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A Passage To India End Quote Response

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Quote: "India a nation! What an apotheosis! Last comer to the drab nineteenth-century sisterhood! Waddling in at this hour of the world to take her seat! She, whose only peer was the Holy Roman Empire, saw Mau beneath: they didn't want it, thsaid in their hundred voices, "No, not yet," and the sky said, "No, not there."

The reader can tell that the Englishman is hardly interested in an India or any part of India that replicates that of Victorian England. Instead, through their friendship, Forster creates a model of exchange. This is different from the modern nineteenth-century narratives of Anglo-India, which usually involves a vulnerable Englishwoman. That sort of story, which was employed to justify the intense retributive violence of the so-called Indian Mutiny, is exactly what A Passage to India is designed to move beyond.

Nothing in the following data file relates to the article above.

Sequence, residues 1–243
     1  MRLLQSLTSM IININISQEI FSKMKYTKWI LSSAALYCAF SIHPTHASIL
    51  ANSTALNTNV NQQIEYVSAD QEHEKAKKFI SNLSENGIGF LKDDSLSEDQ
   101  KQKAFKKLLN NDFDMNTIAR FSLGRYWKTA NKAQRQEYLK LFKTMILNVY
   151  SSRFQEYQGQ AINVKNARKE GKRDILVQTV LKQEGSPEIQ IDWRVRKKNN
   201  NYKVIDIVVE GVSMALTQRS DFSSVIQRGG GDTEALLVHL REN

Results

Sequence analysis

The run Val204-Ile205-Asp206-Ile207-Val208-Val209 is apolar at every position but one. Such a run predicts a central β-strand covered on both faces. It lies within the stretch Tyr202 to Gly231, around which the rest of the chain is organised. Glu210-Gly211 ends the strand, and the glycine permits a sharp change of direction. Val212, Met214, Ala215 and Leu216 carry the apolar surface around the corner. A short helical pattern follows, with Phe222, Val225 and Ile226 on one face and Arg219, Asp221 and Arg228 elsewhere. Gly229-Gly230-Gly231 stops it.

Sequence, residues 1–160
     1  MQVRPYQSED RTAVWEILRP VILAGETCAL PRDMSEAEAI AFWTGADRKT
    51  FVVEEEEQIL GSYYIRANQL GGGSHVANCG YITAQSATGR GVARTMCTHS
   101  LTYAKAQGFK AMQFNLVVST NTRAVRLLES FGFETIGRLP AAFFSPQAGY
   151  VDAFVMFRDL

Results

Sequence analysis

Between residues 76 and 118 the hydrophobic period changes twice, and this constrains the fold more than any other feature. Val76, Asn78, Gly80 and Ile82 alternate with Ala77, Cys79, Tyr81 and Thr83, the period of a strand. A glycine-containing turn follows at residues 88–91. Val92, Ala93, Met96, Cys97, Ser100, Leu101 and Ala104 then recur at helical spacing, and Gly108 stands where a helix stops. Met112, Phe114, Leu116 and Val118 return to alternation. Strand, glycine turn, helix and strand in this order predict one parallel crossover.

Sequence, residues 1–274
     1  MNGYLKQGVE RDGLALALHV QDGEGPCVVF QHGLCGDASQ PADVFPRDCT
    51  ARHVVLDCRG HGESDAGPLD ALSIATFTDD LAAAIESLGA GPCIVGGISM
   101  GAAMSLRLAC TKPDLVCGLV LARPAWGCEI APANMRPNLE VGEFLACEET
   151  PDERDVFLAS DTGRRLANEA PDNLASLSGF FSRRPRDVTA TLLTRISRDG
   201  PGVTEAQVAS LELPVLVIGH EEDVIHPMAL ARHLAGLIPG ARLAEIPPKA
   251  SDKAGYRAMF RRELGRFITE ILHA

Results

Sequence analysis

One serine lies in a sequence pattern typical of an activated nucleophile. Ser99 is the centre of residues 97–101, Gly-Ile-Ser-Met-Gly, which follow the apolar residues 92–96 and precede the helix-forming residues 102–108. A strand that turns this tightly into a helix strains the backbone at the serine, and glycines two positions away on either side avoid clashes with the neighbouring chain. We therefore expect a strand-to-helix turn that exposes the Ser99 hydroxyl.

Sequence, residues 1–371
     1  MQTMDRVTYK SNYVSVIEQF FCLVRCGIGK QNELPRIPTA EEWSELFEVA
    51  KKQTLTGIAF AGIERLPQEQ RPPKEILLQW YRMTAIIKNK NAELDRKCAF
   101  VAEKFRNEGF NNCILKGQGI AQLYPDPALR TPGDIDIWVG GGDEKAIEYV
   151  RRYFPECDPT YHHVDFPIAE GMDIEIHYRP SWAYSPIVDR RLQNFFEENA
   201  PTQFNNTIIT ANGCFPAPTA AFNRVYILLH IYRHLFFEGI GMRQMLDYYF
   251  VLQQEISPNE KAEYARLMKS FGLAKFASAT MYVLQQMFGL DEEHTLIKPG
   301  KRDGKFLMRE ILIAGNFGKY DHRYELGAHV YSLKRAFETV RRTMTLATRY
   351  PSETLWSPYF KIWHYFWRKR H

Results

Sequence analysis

You can also notice that Forster uses an older narrative form when he focuses on Adela Queste. However,, Adela's story is a Victorian holdover Forster invokes in order to leave behind. Even as he borrows from the Victorians, he demonstrates his distance from Victorian culture by denouncing the femininity it held in high regard. In this way, Forster in a way covers his tracks, and disguises his appropriation of his feminized view. However, Aziz clearly joins the revolutionary chorus when he declares that "India shall be a nation! No foreigners of any sort! Hindu and Moslem and Sikh and all shall be one!" You can also notice Forster suggests that the colonial presence in India is intolerable; he is clearly not convinced by the revolutionary problems of nationalism:

You may also notice that Fielding taunts Aziz with the remark "India a nation! What an apotheosis! Last comer to the drab nineteenth-century sisterhood!" As a Muslim, Aziz himself is only half taken with the idea of the modern nation as he recognizes the es of teleology and origins that accompany



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